OXFORD, Mich. (FOX 2) - For Oxford High School students, Nov. 30 is now known as Wildcat Remembrance Day – as four students were killed in a school shooting two years ago.
Hana St. Juliana, 14, Tate Myre, 16, Madisyn Baldwin, 17, and Justin Shilling, 17 are being remembered and honored on this day.
The then-15-year-old boy injured seven other victims, including a teacher, on Nov. 30, 2021.
"There’s daily reminders and there's times when it’s tougher than others, but today you reflect in your own way," said J.R. Lafnear, the head coach of bowling at Oxford and . "Some people are going to have a bad day and be by themselves, other people want to be around others and have fun and just honor the memory of the four lost souls."
Community members are holding each other up, showing Oxford students love and support – with local businesses putting up "Oxford Strong" signs and offering free goodies and activities.
"Without the community and the brotherhood of everybody pulling together, it would’ve been much worse," Lafnear said. "We’re not out of the woods yet, but we can see the light at the end of the tunnel."
One of the victims, Justin Shilling, was on the bowling team – so businesses like Collier Lanes hosted free bowling for anyone in the community, creating a safe space.
About a mile away, The Magic Brownie Box handed out free treats to students, including brownies, chocolate covered ores and marshmellows, mini pies, and more. Positivity and healing are the themes on Oxford's remembrance day.
"We are not only giving them something sweet to look forward to, but on a day of remembrance, we’re spreading love," said Heather Leaping with The Magic Brownie Box.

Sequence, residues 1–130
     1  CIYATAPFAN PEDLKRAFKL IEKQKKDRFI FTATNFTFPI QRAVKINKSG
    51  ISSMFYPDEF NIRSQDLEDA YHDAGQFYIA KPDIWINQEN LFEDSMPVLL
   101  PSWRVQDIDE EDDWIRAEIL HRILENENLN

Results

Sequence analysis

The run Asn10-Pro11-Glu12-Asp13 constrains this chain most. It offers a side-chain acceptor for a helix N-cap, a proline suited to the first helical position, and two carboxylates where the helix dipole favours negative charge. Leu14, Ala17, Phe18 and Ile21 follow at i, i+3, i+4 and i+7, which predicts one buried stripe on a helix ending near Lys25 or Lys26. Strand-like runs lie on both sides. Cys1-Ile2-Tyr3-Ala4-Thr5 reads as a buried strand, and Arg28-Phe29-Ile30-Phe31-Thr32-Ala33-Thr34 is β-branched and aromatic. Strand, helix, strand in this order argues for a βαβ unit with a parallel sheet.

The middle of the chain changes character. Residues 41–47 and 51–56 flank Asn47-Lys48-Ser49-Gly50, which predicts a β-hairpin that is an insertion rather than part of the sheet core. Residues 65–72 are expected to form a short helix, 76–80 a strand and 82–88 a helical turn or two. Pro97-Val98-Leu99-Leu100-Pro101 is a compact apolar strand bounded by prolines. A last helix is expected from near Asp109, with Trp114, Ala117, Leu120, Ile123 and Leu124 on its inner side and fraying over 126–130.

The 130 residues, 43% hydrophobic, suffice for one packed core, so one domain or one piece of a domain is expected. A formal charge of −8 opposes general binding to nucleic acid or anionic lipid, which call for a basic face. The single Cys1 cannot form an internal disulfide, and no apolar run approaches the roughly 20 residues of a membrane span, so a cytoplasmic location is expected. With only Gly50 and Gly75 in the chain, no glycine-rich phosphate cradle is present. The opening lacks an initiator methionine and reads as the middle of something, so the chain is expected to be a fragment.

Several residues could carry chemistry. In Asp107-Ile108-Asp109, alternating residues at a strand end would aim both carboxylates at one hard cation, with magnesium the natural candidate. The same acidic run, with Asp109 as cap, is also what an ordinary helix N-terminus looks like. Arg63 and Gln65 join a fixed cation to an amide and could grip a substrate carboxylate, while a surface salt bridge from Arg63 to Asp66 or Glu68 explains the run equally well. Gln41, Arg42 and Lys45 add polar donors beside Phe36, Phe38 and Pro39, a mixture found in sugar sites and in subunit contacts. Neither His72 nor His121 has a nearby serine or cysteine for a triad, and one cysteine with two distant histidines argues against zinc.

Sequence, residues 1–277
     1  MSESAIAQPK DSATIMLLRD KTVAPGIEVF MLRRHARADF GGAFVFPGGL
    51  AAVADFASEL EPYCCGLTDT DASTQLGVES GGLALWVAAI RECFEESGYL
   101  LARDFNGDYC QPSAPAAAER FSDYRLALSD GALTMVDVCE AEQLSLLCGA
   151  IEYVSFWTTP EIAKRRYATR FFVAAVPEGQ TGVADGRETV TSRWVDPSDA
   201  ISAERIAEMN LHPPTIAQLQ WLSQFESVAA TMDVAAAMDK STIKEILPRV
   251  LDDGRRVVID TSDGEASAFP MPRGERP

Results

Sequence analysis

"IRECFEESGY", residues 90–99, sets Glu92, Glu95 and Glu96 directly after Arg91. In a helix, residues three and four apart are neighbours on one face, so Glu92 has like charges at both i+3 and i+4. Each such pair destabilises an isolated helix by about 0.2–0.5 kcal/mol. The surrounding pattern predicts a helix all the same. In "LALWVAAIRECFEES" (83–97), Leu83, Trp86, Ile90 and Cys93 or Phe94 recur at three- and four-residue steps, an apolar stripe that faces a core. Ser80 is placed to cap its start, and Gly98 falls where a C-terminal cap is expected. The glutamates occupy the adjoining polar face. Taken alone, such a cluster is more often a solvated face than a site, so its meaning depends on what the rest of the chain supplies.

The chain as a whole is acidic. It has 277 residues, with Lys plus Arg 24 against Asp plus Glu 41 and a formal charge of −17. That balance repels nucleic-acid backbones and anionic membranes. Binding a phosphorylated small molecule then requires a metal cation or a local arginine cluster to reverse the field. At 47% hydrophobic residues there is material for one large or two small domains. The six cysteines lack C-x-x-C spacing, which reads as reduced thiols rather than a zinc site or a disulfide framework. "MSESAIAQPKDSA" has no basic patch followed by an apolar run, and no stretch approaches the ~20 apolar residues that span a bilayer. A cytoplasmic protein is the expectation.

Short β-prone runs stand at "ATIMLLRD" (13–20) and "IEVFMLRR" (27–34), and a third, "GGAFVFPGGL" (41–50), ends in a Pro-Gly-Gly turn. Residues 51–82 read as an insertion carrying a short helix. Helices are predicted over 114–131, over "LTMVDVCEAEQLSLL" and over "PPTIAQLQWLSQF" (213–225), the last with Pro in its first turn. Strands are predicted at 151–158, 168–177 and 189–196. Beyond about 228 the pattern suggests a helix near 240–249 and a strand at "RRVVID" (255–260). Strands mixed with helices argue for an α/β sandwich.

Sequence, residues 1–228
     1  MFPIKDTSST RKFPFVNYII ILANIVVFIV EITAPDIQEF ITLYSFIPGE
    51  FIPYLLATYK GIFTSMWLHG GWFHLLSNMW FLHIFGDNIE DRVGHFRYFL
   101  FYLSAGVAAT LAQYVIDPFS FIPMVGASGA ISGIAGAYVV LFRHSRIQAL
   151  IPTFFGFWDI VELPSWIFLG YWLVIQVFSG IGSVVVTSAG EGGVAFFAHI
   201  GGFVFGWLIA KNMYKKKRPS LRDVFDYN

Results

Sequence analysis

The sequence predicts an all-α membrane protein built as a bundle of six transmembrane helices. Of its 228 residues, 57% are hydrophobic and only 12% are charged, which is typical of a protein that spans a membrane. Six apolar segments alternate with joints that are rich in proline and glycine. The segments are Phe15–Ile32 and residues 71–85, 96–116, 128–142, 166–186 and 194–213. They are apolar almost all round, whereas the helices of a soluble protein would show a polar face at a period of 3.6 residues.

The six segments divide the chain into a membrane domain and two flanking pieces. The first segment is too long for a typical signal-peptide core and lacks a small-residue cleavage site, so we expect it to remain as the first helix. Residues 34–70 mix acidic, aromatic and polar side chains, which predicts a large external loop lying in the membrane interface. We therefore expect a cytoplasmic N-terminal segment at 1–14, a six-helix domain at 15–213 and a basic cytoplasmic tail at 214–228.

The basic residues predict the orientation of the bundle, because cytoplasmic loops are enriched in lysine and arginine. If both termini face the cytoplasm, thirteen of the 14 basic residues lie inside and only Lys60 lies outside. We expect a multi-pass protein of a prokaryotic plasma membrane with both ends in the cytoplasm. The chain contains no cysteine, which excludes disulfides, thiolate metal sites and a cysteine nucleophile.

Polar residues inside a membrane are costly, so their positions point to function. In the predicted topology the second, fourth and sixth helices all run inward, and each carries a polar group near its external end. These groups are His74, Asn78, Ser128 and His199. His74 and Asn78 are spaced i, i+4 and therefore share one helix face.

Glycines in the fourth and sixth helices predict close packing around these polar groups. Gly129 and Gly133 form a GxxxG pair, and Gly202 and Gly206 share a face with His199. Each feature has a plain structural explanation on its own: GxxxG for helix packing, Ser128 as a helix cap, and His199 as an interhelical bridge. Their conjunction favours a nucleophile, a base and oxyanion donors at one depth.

Attorney Ven Johnson represents several victims of the shooting.
"Just sending these folks our love and support. It’s been incredible, overwhelming, for a lot of our clients, and they really appreciate it," Johnson said. "It’s one of the reasons they’re able to wake up most days, put their feet on the floor and take one step at a time."
"Until each and every person or entity is held responsible for the mistakes that were made that day, we’re not truly ever dealing with our past or learning from our past," he said.
Johnson's sentiment was echoed by Emily Busch, a local parent advocating for better mental health services and gun reform.
"We need to see more accessible, trauma-informed healthcare for students, kids, and adults," Busch said. "Absolutely, would like to see more done from a federal level on making sure that we don’t have firearms in the hands of people that shouldn’t have them."
The small community of Oxford is still healing from the tragedy.
"Once we get through all the trials and all the other stuff – I think we can really finalize the healing process," Lafnear said.